Excerpt from 'The Price of Silence'

"The Price of Silence: The Duke Lacrosse Scandal, "The Price of Silence: The Duke Lacrosse Scandal, The Power of the Elite, and the Corruption of Our Great Universities" by William D. Cohan (Scribner, April 2014). Photo Credit: Scribner Books

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Although no one knew it yet, Duke's perception of itself, as well as how the university was perceived by the rest of the world, began to change sometime around midnight on Monday, March 14, 2006, after a night of shenanigans and heavy drinking by forty-one of the forty-seven members of the tight-knit varsity lacrosse team -- all but one of whom were white. The party took place at a nondescript rental house at 610 North Buchanan Boulevard, off Duke's East Campus, where three of the lacrosse players lived. It was spring break, and the rest of the Duke campus was quiet. Two days before, the Duke lacrosse team, then ranked third in the country, had defeated twentieth-ranked Loyola 9-7 in San Diego, improving its record to 5-1. After the Loyola win, coach Mike Pressler said, "Now we look ahead to one of the most difficult weeks in Duke lacrosse history," a reference to the team's upcoming March 18 match against rival University of North Carolina, followed by games against Cornell and Georgetown in quick succession. Little did Pressler know that for whatever reason -- boredom, feeling sorry for themselves for having to be in town when everyone else was on spring break, or simply because they could -- most of the guys on his lacrosse team would decide to have their own version of "Girls Gone Wild" on North Buchanan Boulevard in Durham, North Carolina.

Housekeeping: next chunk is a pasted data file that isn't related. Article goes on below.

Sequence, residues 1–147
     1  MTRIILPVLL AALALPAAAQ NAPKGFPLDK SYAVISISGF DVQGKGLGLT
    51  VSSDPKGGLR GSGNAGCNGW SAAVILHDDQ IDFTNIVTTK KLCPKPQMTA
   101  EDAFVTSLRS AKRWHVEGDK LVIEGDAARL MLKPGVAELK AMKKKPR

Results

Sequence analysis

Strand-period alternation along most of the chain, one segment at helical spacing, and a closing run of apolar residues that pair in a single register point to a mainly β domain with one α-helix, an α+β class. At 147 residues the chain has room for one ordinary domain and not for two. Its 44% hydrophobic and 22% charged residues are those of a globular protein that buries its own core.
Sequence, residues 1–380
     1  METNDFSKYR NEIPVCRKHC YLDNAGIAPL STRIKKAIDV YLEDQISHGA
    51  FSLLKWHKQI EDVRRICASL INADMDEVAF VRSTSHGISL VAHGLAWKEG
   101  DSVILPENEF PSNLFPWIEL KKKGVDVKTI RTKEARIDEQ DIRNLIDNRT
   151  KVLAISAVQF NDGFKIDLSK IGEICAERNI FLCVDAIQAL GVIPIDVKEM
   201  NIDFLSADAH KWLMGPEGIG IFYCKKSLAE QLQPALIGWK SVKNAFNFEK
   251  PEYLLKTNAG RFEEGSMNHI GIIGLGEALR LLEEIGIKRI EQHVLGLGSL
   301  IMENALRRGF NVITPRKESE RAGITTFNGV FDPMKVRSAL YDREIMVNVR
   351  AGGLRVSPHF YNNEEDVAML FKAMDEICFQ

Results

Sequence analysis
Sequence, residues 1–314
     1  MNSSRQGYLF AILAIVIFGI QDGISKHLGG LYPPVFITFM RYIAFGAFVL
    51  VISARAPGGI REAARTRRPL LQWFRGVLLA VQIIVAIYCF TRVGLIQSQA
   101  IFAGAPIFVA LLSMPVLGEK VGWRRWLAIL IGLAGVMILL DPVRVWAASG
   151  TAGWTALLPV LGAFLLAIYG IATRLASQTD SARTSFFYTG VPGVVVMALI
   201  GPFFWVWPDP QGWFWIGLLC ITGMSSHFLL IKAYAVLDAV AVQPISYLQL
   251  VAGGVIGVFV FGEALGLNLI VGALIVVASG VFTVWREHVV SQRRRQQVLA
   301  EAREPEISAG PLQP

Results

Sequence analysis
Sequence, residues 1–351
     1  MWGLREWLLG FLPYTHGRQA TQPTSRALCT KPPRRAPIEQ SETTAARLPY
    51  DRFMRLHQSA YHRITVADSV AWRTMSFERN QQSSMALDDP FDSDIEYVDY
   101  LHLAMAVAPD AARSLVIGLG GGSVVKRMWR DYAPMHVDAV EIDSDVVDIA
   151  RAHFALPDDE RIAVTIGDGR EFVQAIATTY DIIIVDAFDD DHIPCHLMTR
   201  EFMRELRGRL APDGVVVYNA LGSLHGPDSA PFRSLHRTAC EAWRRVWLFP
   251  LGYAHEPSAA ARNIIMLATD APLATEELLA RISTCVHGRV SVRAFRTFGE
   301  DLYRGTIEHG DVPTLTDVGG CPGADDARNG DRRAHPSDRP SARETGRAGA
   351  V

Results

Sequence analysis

After lacrosse practice on March 13, at around 3 p.m., Dan Flannery, a twenty-one-year-old senior cocaptain from Garden City, New York, ran a few errands and then went home to 610 North Buchanan. He found a number of his teammates already there. According to Jason Bissey, who lived next door, he and his roommate, Derek Anderson, remembered that the drinking began an hour before Flannery returned home. A group of guys were playing "washers," whereby a player tries to toss metal washers into a cup from a defined distance. "I remember in particular one young man wearing a sort of suspenders-like harness that would hold two cans or bottles of beer," Bissey said. Anderson remembered that as the day turned into night at 610 North Buchanan, more and more people showed up at the party. He remembered seeing as many as thirty people in the backyard, playing washers. "They were pretty loud that night," he later told police. "They had been playing washers for about seven hours."